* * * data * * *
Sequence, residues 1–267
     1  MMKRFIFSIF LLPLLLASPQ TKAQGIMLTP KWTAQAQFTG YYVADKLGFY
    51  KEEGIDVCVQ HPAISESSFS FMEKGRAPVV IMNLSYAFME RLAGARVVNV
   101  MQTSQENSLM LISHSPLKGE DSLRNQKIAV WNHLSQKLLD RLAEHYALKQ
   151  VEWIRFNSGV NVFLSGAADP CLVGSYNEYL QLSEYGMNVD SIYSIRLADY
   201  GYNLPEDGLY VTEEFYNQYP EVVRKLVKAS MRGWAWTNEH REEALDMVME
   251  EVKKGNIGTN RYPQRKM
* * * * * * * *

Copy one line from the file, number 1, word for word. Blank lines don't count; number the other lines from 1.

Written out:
Sequence, residues 1–267